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Marc Curtis' office on the farm looks like a former tool shed. The inside walls are covered with plywood, with some cartoons and price charts tacked onto the walls. Outside, the humid semi-tropical heat of the Delta seems worlds away from China or the Middle East, but Curtis is the outgoing president of the American Soybean Association so he has a sophisticated grasp of the global battle for markets and profits.

Marc Curtis' office on the farm . Click to enlarge.

Photo: Stephanie Curtis
"We've got some competitors ... who have seen the light," he says, " and made up their minds that they want to replace us as the leading agricultural producer in the world."

Brazilian farmers are especially competitive. "They're very aggressive and entrepreneurial, and lots of land," says Curtis.

Agriculture played a big role during the last round of global trade talks held by the World Trade Organization. Tariffs on manufactured goods have plunged over the past half-century, while farm tariffs are still relatively steep. Big farmers like Curtis are export oriented and tend to favor freer trade. He thinks the trend is toward more open borders for farm and ranch products.

"When you start talking about limiting imports to make your small farms work right, in the world economy we function in today—all industry in the world—if we want to maintain our export markets for other industries—cars, airplanes, computer software," Marc says, "then these folks are going to want access to our products here ... If we start shutting off those markets, then no longer are we going to be able to send our products to them."

What's the answer? "Going to have to stay efficient," he says.

Congress passed the 'freedom to farm" bill in 1996. It was supposed to wean farmers away from government support. Instead, it's evolved into one of the most expensive farm programs ever. From the start, almost nobody was really happy with the law; critics nicknamed it 'freedom to fail.' Congress is about to expand subsidies to the industry. But lately, more and more people—including family farmers—are asking What would happen if the subsidies went away?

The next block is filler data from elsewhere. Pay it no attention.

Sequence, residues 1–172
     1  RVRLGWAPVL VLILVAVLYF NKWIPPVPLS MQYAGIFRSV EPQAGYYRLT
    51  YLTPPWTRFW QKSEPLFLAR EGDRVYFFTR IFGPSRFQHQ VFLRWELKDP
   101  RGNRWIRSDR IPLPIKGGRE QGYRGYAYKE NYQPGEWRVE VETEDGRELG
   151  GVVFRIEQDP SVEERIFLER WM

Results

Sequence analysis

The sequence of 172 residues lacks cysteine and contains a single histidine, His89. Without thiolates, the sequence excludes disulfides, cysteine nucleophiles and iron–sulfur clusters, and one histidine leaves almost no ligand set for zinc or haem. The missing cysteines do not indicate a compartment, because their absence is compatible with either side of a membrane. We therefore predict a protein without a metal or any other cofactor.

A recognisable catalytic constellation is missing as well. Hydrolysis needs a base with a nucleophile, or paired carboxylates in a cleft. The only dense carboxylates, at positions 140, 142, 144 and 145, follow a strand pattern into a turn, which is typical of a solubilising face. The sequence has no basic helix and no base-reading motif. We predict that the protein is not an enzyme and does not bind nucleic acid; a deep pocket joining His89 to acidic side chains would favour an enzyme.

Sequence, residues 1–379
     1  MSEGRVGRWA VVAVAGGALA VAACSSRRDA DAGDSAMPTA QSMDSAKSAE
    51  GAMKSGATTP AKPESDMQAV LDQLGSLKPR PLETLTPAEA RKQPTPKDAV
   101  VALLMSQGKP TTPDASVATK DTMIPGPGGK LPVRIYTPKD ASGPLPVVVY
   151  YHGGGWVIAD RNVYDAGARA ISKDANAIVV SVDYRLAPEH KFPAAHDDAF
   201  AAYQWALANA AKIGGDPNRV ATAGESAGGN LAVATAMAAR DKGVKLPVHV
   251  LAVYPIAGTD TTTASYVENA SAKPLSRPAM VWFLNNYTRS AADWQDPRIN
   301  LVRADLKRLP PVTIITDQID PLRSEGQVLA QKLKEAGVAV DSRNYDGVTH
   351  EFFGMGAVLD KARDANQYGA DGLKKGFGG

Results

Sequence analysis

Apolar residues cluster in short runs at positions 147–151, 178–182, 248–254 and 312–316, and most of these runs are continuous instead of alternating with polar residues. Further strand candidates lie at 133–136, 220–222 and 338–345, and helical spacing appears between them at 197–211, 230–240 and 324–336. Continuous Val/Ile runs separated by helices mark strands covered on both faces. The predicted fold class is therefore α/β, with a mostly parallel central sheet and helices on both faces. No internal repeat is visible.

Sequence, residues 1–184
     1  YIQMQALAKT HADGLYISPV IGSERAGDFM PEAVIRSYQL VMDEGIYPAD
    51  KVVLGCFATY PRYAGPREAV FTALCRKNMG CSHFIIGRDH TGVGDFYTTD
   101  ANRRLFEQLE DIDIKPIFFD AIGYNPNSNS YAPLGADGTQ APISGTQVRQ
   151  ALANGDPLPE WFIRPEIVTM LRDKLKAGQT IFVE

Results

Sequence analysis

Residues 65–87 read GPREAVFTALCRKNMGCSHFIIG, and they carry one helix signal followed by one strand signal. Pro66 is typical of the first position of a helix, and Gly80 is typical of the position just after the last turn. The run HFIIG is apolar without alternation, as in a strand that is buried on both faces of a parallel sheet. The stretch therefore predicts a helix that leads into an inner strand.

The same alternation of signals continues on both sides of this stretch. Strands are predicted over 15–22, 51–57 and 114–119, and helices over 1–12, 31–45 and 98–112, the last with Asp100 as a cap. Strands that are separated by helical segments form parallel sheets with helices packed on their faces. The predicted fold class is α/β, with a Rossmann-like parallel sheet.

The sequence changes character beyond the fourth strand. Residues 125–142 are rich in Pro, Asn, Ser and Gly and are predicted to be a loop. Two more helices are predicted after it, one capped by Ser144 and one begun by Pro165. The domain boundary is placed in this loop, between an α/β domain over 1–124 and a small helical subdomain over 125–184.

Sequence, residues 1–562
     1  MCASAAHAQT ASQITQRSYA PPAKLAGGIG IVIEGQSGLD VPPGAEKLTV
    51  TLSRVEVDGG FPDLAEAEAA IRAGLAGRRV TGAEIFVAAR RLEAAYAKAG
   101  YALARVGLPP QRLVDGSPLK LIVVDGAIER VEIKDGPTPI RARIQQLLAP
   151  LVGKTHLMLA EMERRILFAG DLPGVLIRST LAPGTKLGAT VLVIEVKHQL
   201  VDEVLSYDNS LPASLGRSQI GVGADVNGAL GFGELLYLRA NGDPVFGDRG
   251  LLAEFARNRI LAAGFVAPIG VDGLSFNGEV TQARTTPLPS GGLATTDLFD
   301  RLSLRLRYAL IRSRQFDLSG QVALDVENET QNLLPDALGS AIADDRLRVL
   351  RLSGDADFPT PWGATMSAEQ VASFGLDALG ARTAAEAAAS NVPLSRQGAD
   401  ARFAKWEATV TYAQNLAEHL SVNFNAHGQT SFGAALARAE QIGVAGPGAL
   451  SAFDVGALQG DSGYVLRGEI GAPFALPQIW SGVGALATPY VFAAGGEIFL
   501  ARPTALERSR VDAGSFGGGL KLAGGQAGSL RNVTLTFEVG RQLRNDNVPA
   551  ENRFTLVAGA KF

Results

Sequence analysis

In the twilight of his presidency, Bill Clinton called upon the world's wealthiest nations to let the world's poorest countries freely compete for markets in industries where they have a natural advantage—such as agriculture.

"If the wealthiest countries ended our agricultural subsidies," he said in a speech to the students of The University of Warwick on his last tour of duty as president, "leveling the playing field for the world's farmers, that alone would increase the income of developing countries by $20 billion a year."

What would happen if subsidies for farmers were eliminated?

The stakes are even higher after September 11th. Afghanistan and many of its immediate neighbors, much of Africa and countries once part of the Soviet Union, are trapped in grinding poverty and plagued with rampant disease and malnutrition. Such countries are breeding grounds for terrorism and civil war, as well as the tragedy of child warriors. Economic development will not only improve living standards, but it will lessen for future generations the lure of suicide missions, car bombings, and other nihilistic acts of terror. There is no magic elixir for transforming poor countries into rich ones, but most economists argue that opening America's agricultural borders would boost profits and income of developing nation farmers.

"If we go the route to combat terrorism through not just the stick of defense spending," says Maya McGuineas of the New America Foundation, "but the carrot of economic development, we're going to see more competition in the agricultural area. At the same time, that's going to lead to more protectionism of our farmers. We have been very hesitant to allow our farmers to compete on a level playing field. Global trade, free trade, and interaction with developing countries could strongly benefit those other countries if we allowed farmers to compete on a level playing field."

But what would happen here if subsidies were eliminated? First, everyone agrees the American agriculture industry would dramatically shrink, and the U.S. would import a lot more food. But Karl Stauber of the Northwest Area Foundation says the remaining farmers would be more competitive.

"Fundamentally, given our soil, our rainfall, given our transportation system, and given our research system, regardless of what happens we're still going to be one of the most effective producers of a wide array of crops and fiber sources and animals in the world," he said.

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